The underlying assumption in this argument seems to be that so long as some people are satisfied with a monopoly, all people should be stuck with it. The same logic might have an East German commissar saying, before the fall of the Berlin Wall, "Only some people would leave if we took down the Wall, so why should we take it down?" The point is not whether choice is "necessary" or not; the point is that it is everyone's right to choose. The needs of individual parents and students come before the maintenance of a system that, by many accounts, is not performing well for everyone.
Can government education really improve on its own? According to Albert Shanker, former president of the American Federation of Teachers union, "It's time to admit that public education operates like a planned economy, a bureaucratic system in which everybody's role is spelled out in advance and there are few incentives for innovation and productivity. It's no surprise that our school system doesn't improve: It more resembles the communist economy than our own market economy." The worldwide failure of planned economies supports Shanker's contention that systemic change is needed.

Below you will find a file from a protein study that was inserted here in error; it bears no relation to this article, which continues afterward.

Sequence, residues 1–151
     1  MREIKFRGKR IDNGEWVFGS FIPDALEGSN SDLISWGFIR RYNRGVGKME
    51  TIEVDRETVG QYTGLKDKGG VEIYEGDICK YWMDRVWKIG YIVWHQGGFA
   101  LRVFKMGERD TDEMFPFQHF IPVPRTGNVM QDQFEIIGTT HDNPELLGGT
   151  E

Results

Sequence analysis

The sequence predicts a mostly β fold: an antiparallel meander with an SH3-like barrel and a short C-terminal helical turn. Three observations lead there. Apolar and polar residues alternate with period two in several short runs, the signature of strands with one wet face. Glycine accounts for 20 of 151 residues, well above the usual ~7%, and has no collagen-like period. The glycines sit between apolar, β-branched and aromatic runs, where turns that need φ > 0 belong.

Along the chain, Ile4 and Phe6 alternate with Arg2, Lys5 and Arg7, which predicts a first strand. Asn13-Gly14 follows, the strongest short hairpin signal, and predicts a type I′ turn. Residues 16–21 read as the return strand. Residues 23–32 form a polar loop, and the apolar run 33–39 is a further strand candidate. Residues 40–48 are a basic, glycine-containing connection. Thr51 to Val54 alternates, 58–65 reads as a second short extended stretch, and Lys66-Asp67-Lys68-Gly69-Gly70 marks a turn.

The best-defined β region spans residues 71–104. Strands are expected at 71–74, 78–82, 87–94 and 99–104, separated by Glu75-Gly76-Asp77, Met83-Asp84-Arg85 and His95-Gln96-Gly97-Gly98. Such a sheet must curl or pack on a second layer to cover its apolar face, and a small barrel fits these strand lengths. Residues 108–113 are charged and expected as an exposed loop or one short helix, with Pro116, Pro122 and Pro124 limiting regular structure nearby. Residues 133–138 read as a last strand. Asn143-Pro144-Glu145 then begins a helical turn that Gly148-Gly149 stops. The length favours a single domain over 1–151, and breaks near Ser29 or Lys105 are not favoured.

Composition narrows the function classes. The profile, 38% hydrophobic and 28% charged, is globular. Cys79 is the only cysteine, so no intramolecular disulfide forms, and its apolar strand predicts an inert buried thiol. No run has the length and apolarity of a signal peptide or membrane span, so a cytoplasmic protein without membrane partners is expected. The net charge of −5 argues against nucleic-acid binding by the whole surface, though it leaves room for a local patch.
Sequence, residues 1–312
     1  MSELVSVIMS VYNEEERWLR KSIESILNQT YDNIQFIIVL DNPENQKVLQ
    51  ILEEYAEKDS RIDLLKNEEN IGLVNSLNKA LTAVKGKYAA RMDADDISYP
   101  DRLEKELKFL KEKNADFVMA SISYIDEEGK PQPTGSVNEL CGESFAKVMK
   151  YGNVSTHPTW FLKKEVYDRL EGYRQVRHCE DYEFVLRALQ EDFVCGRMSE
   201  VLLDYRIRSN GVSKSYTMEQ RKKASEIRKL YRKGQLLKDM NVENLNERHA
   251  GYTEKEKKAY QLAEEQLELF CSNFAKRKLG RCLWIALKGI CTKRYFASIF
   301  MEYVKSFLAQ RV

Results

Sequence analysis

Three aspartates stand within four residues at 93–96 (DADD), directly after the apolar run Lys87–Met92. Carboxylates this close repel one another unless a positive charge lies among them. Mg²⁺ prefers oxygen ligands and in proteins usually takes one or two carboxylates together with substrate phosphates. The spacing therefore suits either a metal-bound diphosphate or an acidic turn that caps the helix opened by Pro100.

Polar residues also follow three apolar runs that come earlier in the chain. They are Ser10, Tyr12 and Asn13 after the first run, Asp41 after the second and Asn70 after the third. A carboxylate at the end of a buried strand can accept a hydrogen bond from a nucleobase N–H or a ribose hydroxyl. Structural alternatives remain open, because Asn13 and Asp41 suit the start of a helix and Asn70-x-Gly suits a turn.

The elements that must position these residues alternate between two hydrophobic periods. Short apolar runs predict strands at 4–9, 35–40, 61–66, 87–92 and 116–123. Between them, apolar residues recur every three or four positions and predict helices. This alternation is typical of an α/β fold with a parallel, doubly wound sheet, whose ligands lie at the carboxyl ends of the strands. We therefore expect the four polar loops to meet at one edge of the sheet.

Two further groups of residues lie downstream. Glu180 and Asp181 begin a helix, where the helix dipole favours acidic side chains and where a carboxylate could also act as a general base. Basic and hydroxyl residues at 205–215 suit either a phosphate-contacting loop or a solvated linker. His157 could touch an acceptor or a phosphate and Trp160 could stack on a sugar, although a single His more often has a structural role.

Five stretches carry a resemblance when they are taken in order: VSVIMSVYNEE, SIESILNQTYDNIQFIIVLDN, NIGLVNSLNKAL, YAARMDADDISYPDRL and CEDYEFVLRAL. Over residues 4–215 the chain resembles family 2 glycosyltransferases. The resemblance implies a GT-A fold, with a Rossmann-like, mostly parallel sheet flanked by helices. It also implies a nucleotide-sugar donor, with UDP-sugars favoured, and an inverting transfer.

U.S. students are outperformed in international comparisons. In the Third International Mathematics and Sciences Study (TIMSS), American high school seniors ranked 16th out of 21 industrialized nations in general science knowledge, 19th in general math skills, and last in physics. William H. Schmidt, an education professor at Michigan State University, remarked, "Put in terms of report card grades, the American seniors earned a D-minus or an F in math and science."
Students are failing to learn basic skills. Since 1983, over 10 million students in the U.S. have reached the 12th grade without the ability to read at a basic level, while over 20 million are unable to do basic math. In 1995, nearly 30 percent of first-time college freshmen enrolled in at least one remedial education course and 80 percent of all public four-year universities offered remedial coursework. A 1998 Public Agenda survey revealed that 76 percent of college professors and 63 percent of employers believe that "a high school diploma is no guarantee that the typical student has learned the basics." A September 2000 study revealed that businesses and institutions of higher learning in Michigan spend more than $600 million per year to accommodate for the lack of basic reading, writing, and arithmetic skills among high school graduates and employees. Assuming that other states had comparable experiences, the national cost due to the lack of basic skills is approximately $16.6 billion each year.
 Quoted in Richman, Separating School & State., p. 11.
 Debra Viadero, "U.S. Seniors Near Bottom in World Test," Education Week, 4 March 1998, p. 1 and U.S. News & World Report, 9 March 1998, p. 14.
 A Nation Still at Risk: An Education Manifesto (Washington, DC: 30 April 1998); available on the Internet at http://www.edexcellence.net/library/manifes.html.
 David W. Breneman, "Remediation in Higher Education: Its Extent and Cost," in Brookings Papers on Education Policy 1998 (Washington, DC: The Brookings Institution, 1998).
 Reality Check (New York: Public Agenda, January 1998).